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How to Develop Your Personal Professional Drive

by Jul 17, 2020

Being professionally driven doesn’t have to look the same for everyone. Nor should it! Everyone out there has their own unique set of strengths. Don’t feel like you have to get locked into one narrow definition of success. By allowing yourself to lean into what professionally energizes you personally, you’ll be able to achieve greater results that have an even wider impact. Rather than feel intimidated by the need to develop a stronger sense of ambitiousness, think of developing your drive as a way to build upon the powerful foundation you’ve already built. The pros we’ve turned to below will help you figure out how to do just that.

 

We love this method from Diane Byington, Ph.D., at TruScore: “Consider your strengths, and those activities that give you energy. Typically, your greatest success will come from developing your strengths, rather than shoring up your weaknesses. If you aren’t sure what your strengths are, ask a trusted colleague. Everyone has strengths, and you need to find your own, work with them, and choose a development plan that maximizes them.” You don’t have to start from scratch! Think about what you already excel at–and keep doing it. Find new ways to connect into those sources of strength as you apply your experiences to any workplace obstacle that comes your way. And we also love the way this tip inspires connection. Make sure you’re keeping your professional community in mind, and trusting their insights, as you move towards your goals.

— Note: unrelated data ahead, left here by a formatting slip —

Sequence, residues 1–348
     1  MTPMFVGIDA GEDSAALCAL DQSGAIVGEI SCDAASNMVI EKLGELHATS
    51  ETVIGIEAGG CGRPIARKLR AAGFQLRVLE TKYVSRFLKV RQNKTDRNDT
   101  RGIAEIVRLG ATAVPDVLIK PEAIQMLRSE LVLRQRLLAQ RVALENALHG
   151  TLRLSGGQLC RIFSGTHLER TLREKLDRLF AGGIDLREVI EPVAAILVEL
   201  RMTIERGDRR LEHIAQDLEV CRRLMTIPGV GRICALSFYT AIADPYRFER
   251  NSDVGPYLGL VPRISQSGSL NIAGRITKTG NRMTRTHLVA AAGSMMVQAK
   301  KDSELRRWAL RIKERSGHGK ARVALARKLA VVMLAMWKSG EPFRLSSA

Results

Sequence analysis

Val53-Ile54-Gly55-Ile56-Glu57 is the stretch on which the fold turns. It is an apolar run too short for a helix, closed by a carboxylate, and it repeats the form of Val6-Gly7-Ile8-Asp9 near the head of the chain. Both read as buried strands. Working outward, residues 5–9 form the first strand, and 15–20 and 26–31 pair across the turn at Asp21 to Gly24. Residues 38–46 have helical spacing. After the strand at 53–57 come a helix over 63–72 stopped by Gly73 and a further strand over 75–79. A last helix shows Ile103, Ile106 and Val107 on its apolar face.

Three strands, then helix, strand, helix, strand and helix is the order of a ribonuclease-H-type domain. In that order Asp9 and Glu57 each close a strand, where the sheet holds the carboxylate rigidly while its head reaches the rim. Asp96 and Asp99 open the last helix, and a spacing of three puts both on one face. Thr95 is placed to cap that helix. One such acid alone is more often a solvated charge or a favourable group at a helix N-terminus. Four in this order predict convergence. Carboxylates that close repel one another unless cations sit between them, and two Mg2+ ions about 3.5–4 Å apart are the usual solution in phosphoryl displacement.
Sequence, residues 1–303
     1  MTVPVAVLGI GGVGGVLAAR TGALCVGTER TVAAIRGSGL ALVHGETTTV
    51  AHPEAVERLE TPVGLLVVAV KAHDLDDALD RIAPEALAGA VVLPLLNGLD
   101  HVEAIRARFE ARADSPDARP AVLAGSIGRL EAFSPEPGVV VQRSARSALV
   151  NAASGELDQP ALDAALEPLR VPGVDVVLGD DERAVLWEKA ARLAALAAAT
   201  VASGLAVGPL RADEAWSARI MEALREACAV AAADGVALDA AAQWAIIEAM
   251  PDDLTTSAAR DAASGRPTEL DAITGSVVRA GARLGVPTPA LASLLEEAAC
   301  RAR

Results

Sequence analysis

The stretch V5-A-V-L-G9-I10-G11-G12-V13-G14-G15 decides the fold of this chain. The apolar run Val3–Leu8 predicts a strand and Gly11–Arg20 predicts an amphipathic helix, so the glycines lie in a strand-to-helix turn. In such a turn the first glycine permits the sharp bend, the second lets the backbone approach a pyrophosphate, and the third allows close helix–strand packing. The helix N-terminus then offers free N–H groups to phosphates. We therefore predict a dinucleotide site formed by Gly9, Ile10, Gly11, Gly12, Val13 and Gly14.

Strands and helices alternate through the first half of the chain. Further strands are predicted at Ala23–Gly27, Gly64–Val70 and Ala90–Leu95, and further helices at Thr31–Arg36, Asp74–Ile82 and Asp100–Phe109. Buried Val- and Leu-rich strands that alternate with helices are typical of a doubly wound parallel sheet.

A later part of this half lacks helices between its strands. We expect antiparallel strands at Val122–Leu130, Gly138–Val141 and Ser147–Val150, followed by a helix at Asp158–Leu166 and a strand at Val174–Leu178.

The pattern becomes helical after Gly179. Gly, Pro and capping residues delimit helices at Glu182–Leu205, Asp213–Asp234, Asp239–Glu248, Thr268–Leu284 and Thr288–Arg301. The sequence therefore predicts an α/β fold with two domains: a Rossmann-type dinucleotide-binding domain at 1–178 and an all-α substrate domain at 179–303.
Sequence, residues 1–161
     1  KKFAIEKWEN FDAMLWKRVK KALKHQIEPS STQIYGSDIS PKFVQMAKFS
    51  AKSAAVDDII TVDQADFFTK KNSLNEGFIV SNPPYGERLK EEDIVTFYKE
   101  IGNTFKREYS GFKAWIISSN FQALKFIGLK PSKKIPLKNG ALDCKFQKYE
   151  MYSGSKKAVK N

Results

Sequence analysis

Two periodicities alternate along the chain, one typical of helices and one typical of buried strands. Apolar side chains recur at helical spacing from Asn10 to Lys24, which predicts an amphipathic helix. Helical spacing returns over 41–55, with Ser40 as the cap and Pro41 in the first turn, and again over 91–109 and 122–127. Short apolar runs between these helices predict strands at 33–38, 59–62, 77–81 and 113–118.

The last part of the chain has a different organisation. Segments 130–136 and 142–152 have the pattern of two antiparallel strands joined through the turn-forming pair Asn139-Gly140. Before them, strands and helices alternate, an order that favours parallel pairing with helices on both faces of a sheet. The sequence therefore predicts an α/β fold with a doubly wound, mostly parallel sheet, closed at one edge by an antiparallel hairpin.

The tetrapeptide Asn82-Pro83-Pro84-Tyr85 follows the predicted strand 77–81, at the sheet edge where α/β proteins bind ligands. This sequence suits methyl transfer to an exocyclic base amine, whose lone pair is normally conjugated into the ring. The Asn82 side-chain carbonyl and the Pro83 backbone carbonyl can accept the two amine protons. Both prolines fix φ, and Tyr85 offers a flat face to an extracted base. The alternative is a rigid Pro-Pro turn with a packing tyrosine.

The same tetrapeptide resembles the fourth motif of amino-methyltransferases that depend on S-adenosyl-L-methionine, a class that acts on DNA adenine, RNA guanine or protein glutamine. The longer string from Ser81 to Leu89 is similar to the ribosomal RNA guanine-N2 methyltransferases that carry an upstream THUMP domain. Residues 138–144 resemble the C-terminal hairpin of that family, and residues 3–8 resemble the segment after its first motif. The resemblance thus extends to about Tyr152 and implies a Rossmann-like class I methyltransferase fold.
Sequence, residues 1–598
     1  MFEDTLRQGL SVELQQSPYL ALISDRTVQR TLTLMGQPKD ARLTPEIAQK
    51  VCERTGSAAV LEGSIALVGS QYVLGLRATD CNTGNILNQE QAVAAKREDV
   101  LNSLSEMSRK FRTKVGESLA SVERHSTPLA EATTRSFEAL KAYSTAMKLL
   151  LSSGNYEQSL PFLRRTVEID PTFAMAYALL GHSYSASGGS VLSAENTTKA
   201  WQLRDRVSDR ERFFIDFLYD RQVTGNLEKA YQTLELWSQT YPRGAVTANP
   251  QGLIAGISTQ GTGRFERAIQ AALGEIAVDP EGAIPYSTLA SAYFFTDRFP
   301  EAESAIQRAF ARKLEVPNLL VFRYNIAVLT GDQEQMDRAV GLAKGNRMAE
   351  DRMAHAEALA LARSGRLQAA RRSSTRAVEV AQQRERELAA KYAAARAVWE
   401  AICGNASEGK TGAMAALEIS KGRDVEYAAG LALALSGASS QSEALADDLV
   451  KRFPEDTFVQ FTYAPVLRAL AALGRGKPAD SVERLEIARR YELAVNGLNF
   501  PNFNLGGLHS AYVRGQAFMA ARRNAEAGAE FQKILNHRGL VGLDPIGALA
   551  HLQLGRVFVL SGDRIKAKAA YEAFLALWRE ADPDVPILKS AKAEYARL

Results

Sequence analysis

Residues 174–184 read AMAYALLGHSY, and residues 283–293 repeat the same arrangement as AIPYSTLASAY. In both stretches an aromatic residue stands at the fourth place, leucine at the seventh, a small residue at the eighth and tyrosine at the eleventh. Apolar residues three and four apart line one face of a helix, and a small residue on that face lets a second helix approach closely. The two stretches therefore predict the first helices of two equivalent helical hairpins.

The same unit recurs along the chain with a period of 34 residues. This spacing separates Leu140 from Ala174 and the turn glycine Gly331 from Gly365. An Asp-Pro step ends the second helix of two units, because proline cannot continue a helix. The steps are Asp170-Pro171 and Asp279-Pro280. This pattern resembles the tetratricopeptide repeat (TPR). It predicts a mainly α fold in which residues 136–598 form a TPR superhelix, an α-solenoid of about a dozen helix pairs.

We also appreciate the way Marty Nemko, Ph.D., at Psychology Today highlights an obstacle many face when developing their personal, professional drives: “Too narrow a definition of ‘the pursuit of happiness.’ Many people with low drive equate the pursuit of happiness with avoiding work, especially unpleasant work. They fail to realize that happiness or at least contentment, is more likely when one takes pleasure in the process of being productive. If your pursuit of happiness is defined merely by doing as little work as possible so you can do more pleasant things, it can feel but superficially good and, at least in the long run, make you feel like you’re living an empty life.” Reframe the way you think of what makes you happy. Let even the little things give you joy. Taking a few minutes in the middle of your workday to organize your inbox may feel like a tiny step towards your goal, but every single step–no matter how big or small–will propel you closer to achieving your career dreams. Expand your sense of happiness by leaning into all of the opportunities your professional environment offers rather than endeavoring to do as little work as possible. 

 

A better way to approach tackling your work faster is to hone your professional skills. That way, rather than thinking of it as reducing your workload, you’ll be applying a positive framework of improving your workplace efficiency. Find little ways to make each task fun, providing you with bursts of joy that will keep you fueled. And if you’re ever in need of a mood boost, remember that you can always turn to the co-workers in your workplace community. Join us again Monday as we return with our newest set of Mood Boosters.

 

 
 
Image retrieved from Pixabay under the public domain.
 

This posting is brought to you by Contemporaries Inc., one of the best temp agencies in Boston MA. Also available for payrolling employees in Boston and Greater Boston

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